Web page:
As for Facebook, it points to one of the great challenges of this current age – self-absorption. Now, I do think there is more to be said for Facebook. I do have a “page” but I rarely do anything with it. But if is nice for keeping up ever so briefly with friends I have made around the country and world. But it puts so much emphasis on the self that I do worry that it encourages narcissism and its Christian sister, therapeutic theology. Look, as a Christian theologian I had better begin and end with God. Now in between there we find us. But when we start with ourselves? Well as Jesus tells us in Mark 8:35, “For whoever wants to save his life[a] will lose it, but whoever loses his life for me and for the gospel will save it.”
I know it is hard not to talk about the “us” part of the Gospel. But true perspective comes from focusing upon God in Christ Jesus and then seeing ourselves in light of his grace, seeing ourselves as God’s beloved children, rather than God as the lucky recipient of our love. Now I am being a little unfair, but I must confess that even I when I teach and preach easily fall into the “what is in it for you” part of the biblical picture and take my eyes off of God’s greatness. Facebook can easily (and yes, I know people for whom it becomes an idol) make us think that we are more important than we really are. We are infinitely valuable, but because of God’s love for us, not because we are infinitely interesting people (trust me, I am not really that interesting, except maybe to my dog).
The other deep concern about Facebook is that it can easily take the place of the hard work of real relationships. Giving someone a quick update on what has happened is good, but inviting people to share you life in person…well that is what we really need. And yes, all of us are busy – very busy. Too busy for deep friendships. But that speaks to our need to prioritize our lives (big hint – you cannot have it all, whether you are a 1950s man or a liberated woman – you are finite and have to choose wisely how to spend you hours, your energy, your wealth, your love). Facebook can serve the concept of friendship, especially spiritual ones that are necessary for growth. But it cannot replace them.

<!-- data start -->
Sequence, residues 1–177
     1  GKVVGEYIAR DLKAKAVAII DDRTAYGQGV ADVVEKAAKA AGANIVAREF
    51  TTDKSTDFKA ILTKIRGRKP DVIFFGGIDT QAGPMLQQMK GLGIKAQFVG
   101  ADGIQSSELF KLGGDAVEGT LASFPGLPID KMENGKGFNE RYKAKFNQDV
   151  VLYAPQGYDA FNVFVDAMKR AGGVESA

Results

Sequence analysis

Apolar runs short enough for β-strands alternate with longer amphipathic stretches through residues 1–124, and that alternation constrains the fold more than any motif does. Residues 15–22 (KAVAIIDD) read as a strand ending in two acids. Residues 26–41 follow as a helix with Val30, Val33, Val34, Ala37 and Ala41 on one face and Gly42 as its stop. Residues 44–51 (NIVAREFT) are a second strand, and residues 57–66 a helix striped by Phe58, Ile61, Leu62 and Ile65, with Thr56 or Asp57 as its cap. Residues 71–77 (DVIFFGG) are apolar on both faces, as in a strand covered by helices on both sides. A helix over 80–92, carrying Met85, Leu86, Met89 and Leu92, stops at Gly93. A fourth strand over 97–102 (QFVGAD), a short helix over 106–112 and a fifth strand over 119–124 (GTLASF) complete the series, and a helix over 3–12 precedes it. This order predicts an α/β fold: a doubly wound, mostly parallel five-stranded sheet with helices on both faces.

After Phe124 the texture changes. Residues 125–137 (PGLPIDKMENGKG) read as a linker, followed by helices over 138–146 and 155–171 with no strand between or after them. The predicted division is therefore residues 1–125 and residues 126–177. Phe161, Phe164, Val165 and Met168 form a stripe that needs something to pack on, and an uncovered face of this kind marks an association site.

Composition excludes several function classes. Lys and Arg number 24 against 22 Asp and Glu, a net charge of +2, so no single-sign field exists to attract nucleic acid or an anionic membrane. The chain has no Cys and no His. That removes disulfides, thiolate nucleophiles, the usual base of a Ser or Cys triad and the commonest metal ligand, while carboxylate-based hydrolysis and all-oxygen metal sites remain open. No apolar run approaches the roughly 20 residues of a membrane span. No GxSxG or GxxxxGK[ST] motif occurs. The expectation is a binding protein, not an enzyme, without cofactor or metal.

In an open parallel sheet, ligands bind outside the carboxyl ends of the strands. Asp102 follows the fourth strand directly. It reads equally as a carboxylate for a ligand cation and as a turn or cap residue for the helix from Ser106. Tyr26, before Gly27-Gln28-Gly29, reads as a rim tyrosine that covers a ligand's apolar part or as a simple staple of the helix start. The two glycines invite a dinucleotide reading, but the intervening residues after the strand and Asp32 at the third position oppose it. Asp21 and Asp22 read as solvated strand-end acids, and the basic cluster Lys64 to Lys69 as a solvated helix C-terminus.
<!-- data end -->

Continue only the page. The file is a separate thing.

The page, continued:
Some time back Hugh Hewitt, author, lawyer, radio talk show host, and Christian thinker. I love Hugh and have said so many times. He has asked the question some time back about how the Church is using technology tools for the movement of the Gospel. That has had me thinking about this question ever since. I think his baseline assumption was that we who are passionate about the Good News of Jesus need to embrace these technology advances. The pragmatist in me thought “yes, and quickly” but I am beginning to wonder if we need to think this through much more carefully and not make mistakes that will lead to a focus on self and to further reductions of the Gospel (aka, when you die you go to heaven – it is true but that is really a reduction of the biblical call to faith). Technology can serve the Gospel or it can make it all about us and cause the Gospel to bend to the technology. Is it worth it? For Facebook, yes with careful consideration. But Twitter? Like the author at the Denver Post said, ultimately it really is useless…and maybe dangerous for culture!
Comments? Questions? Think the idea of two page article is proof I don’t get it about the postmodern age? Email me at